A Magazine about the Hudson Valley’s local economy, published by Hudson Valley Current.

Hudson Valley Current Member Profile: Doug Motel

Hudson Valley Current member Doug Motel says storytelling is at the core of his work as a writer, speaker, and coach. “I was writing sketch comedy and performing at 16,” he says. “A lot of my work now focuses on teaching individuals and businesses the art of telling their own stories in a focused, compelling way.”

Born and raised in Atlantic City, Doug moved to Manhattan at 18 and was cast in a play within a couple of weeks. “I studied acting both at various schools and had on-the-job training,” he says. “Then I moved to LA and worked in film, TV, and theatre. And it was there that I developed my coaching practice.”

With a play script in hand, he moved back to New York to be nearer to Broadway. It was 2001, and the world was about to shift.

“I took a temp job in an office with a great big window facing the World Trade Center,” he says. “My first day on that job was September 10.” On September 11, that skyline view was an agonizing front row seat.

And his play, which had themes of grief and loss, was a non-starter when the footlights came back on and the theatre world wanted lighthearted cheer above all else. But at a party in Harlem, he met an enchanting young woman named Carrie Wykoff. “I was instantly smitten,” he says. “I told a friend that night that I’d marry her.” A couple of years later, when their baby was born, they bought a place in Rosendale and moved upstate.

Until early March, Doug was busy organizing retreats, conferences, and coaching sessions, sharing his unique blend of comedy, empowerment, and insider marketing tips from the thousands of stories he’s helped craft, including those of ABC, Comedy Central, and Playboy Enterprises. Locally, he’s helped the Williams Lake Project clarify their intentions and gain community acceptance.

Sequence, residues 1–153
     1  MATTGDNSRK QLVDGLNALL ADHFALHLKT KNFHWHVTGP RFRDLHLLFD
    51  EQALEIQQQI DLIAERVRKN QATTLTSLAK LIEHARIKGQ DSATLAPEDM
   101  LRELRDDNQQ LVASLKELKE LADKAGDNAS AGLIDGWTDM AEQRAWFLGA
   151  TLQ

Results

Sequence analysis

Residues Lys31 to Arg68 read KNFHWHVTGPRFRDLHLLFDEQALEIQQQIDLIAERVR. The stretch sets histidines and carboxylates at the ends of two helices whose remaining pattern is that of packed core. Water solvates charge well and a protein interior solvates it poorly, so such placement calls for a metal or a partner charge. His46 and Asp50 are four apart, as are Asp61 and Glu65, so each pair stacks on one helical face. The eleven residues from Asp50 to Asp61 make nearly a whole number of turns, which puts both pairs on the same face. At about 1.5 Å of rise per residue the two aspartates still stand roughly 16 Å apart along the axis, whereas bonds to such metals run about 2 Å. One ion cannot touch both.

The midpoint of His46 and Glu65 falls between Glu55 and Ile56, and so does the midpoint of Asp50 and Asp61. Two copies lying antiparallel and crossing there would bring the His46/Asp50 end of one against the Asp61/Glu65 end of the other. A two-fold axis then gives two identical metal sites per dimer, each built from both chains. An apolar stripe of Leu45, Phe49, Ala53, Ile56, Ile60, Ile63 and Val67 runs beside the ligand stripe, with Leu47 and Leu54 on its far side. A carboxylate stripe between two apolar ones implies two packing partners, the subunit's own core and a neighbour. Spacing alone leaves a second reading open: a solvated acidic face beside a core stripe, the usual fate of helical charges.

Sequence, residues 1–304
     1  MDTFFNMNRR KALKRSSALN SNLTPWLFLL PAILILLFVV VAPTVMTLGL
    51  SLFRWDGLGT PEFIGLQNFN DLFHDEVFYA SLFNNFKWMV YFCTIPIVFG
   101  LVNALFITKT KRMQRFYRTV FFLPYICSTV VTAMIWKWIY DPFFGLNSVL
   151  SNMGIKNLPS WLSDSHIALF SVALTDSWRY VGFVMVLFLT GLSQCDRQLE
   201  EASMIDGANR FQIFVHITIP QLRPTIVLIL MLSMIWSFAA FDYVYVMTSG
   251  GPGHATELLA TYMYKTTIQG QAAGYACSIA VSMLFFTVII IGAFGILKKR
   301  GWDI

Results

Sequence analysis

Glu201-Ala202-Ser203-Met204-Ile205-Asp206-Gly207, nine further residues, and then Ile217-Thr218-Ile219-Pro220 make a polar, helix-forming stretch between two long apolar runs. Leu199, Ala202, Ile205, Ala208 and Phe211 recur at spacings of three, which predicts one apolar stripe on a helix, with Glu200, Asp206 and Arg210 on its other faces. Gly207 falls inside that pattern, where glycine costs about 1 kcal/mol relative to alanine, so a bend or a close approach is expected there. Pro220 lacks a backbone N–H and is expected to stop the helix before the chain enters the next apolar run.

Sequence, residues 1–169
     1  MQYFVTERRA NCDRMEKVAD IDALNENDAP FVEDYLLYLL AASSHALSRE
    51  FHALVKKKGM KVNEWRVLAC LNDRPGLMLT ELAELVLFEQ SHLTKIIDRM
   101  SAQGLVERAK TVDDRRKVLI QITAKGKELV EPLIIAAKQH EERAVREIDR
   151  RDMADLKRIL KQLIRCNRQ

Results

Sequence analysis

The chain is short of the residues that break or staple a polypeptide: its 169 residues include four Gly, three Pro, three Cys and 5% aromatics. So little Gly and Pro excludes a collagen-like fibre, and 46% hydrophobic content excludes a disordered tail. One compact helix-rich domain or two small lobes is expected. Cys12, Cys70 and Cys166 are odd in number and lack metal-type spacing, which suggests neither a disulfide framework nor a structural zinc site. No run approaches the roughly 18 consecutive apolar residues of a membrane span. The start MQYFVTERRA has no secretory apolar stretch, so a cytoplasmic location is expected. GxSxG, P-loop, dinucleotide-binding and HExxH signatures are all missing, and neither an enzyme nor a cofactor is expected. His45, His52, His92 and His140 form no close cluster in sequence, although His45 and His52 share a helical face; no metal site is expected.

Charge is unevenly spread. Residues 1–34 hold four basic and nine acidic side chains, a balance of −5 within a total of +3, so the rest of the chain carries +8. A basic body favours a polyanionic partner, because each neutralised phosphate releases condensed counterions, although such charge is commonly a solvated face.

Doug became a Hudson Valley Current member in 2014. “It started with the personal connection,” he says. “I heard Chris Hewitt’s presentation about local currency and not only did it make sense, his manner just radiated fun.” And in normal times, he loves spending his Currents on tasty sustenance through fellow Current members like Satisfy Hunger, Outdated Cafe, and the Hoot Owl.

Since the advent of COVID-19 and all that comes with it, Doug—like so many of us—has shifted into remote mode. “I’m working to help people create the content that will help them succeed in communicating who they are in a way that is sensitive to what’s going on. I’m no stranger to being blindsided, and that’s what’s happening to our entire world right now.”

Having witnessed 9/11 up close and lost a dear friend to a random murder, he says there’s a takeaway to be had from massive disruptions. “Sometimes we go on journeys of choice—retreats, therapeutic excavations; sometimes you just get slammed, and you’re on a journey you weren’t looking for. I don’t want to sound like a Pollyanna; loss and shock are brutal and nothing really helps right at that moment. It’s after the dust settles that you realize you’ve been through a journey that can leave you a deeper person. And I believe that happens not just for individuals, but for businesses and communities.”

“This is not about being in denial; it’s an acceptance of shock and pain while keeping an ear open for alchemy, for transformation. We have to be both careful and tough with ourselves. What new story is congealing in our hearts? Will it lead us to have barnacles and baggage or be a doorway to go forward, go deeper? Those choices we make internally ripple out and make our community and world. At its core, the choice is about love or fear, and the offshoots that flow from that.”

Right now, he’s working with his 14-year-old (“Mother Earth has grounded us,” she has said) on a series of free short videos teaching people about Zoom meetings and other work-from-home skills. “And I’m marveling at how powerful we are when we come together,” he says. “I really believe that one day we’ll realize we can make this world be what we want it to be. It’s a long way off, but we’re seeing how the basic mechanism can work. This is bad now, yeah, but coal turns to diamonds.”